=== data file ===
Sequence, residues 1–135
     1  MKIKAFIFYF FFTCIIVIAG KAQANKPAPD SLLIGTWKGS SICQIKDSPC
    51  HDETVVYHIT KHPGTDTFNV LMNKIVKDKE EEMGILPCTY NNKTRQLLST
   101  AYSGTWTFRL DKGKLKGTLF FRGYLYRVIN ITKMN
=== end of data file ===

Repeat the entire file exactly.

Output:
Sequence, residues 1–135
     1  MKIKAFIFYF FFTCIIVIAG KAQANKPAPD SLLIGTWKGS SICQIKDSPC
    51  HDETVVYHIT KHPGTDTFNV LMNKIVKDKE EEMGILPCTY NNKTRQLLST
   101  AYSGTWTFRL DKGKLKGTLF FRGYLYRVIN ITKMN